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The lady asked me to help her with assertiveness. The lady was not Maggie Thatcher, but a bright, articulate woman in her 30s. It was surprising to me that she turned up on time in a very precise way, exactly as the clock turned on the hour. It also surprised me that during the phone call before the counselling session, she was well able to ask lots of really good questions about counselling. Questions that enabled her to decide whether I was the right person for her and whether more counselling was what she needed. After two weeks thinking about these questions, she decided it was what she wanted and she was prepared to give counselling a try again. Pretty assertive, I thought.
But the language she used indicated that she thought she had no powers of assertiveness. “I want to become assertive,” she said. Well, it is not possible for someone to have no powers of assertiveness. Yes, we can be weaker in some areas and stronger in others, but no assertiveness at all seems impossible to me.
I make this point because it feels easier to improve on something with practice and mentoring than starting from scratch.
Also we can learn, literally, from ourselves, when we recognise we are assertive in some contexts and less so in others. If we can do it in one area of our life, then surely we can do it in others.
People say the same about shyness. A person may be described as ‘shy’, but the same person will be quite confident and articulate in other situations. Watch any baby or teenager — quiet with new people, but then loud as anything when they get comfortable.
We may appear confident and yet be terrified inside, or that we’re holding back on our potential
The ideas we have about not being assertive enough are often as much about how we judge ourselves in our own minds, as they are about what we actually do and say.
We may convince ourselves that we are not assertive. Yet others may experience us as being articulate and confident.
Of course, that is only their opinion and their perspective. This does not represent our emotions, thoughts and feelings, and does not represent what we want out of life. We may appear confident and yet be terrified inside, or feel that we’re holding back on our potential. ‘I want to feel heard.’ ‘I want to feel confident.’ ‘I want to feel assertive, as judged by me, not by anybody else.’ ‘I want to feel comfortable in all situations.’ But is this really reasonable? This is one of the conversations we need to have with ourselves. Is it reasonable to expect that we would feel comfortable in all situations? Is it even possible? Do people we look up to really feel comfortable the whole time?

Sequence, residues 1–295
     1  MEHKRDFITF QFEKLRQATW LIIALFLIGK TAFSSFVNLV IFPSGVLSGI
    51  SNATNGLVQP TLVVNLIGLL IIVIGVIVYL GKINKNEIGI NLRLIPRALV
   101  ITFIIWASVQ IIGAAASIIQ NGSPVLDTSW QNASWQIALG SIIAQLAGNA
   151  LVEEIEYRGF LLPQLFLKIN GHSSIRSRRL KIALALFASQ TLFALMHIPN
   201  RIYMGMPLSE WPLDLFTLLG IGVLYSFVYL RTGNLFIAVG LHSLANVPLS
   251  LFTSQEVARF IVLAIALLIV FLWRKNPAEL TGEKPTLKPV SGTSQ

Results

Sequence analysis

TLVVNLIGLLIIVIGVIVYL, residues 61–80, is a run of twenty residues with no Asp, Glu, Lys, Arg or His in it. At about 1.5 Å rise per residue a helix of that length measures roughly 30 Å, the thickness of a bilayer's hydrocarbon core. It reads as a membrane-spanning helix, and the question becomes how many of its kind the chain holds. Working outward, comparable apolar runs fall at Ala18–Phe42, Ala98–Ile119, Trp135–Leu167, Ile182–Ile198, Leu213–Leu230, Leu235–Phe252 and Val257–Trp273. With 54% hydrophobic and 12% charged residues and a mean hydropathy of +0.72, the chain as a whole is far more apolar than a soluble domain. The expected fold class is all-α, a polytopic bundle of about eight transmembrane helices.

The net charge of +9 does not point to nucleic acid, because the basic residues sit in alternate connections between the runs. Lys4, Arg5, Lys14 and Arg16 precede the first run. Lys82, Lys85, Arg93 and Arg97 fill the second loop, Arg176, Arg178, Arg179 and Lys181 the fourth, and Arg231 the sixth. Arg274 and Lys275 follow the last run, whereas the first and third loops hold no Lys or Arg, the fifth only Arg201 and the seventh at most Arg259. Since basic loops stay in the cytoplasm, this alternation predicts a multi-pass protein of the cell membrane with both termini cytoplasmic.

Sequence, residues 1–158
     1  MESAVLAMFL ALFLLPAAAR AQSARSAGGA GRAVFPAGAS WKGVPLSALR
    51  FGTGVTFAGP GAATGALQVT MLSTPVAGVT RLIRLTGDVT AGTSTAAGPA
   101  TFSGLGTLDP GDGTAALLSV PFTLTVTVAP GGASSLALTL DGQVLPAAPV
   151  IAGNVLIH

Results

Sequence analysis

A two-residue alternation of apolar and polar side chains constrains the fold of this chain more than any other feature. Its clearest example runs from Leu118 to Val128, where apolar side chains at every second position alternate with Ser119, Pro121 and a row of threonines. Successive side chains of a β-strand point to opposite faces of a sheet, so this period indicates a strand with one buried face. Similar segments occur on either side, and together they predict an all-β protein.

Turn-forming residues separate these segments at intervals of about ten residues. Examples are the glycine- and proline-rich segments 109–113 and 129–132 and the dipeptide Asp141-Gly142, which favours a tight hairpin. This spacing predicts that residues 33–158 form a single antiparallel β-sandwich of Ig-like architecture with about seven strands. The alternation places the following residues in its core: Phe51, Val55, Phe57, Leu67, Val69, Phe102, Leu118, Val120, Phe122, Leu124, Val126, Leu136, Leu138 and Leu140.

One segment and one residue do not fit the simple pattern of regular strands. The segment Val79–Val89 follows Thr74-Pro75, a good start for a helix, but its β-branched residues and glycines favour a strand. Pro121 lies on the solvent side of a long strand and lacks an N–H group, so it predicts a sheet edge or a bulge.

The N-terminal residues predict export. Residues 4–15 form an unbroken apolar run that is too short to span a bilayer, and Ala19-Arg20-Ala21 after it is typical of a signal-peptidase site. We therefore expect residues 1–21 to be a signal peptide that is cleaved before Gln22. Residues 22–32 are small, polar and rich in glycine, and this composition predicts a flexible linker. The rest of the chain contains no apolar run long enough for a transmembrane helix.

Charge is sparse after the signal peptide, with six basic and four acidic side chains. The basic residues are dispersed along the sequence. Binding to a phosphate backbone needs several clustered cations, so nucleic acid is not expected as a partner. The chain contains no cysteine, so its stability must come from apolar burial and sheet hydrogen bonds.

We were not comfortable or confident, at first, when we learnt to use a bike. We were not comfortable or confident, at first, when we started any new skill. Most public speakers are always nervous. I met one of the winners of the Toastmasters’ international public speaking competition and he said he was always nervous, although this may not be obvious to the listener.
Ask any comedian. Even the most successful ones have complete flop nights. The adrenaline and the nerves are what makes it addictive, they say. Maureen Potter used to vomit before every performance. But when she got on stage, she changed into the complete pro. She got into her zone.
So, when my lady says that she wants to be more assertive, she means that she wants to develop some skills she already has, and see what is holding her back in other situations. But also to be more accepting of herself.
I know, as a doctor, that my own assertiveness and confidence both ebb and flow, like a tide, depending on the patient, the challenges, and my own experiences in the past. One person’s assertiveness is another person’s aggressiveness. One person’s directness is another person’s bluntness.
So the bottom line is realising that, as we struggle to achieve perfect assertiveness, we will often get it wrong, because it is a balance; it takes two people to tango, the speaker and the listener. It is always a relationship. Two or more people getting the balance right, communicating effectively and negotiating powerfully for a win-win if at all possible.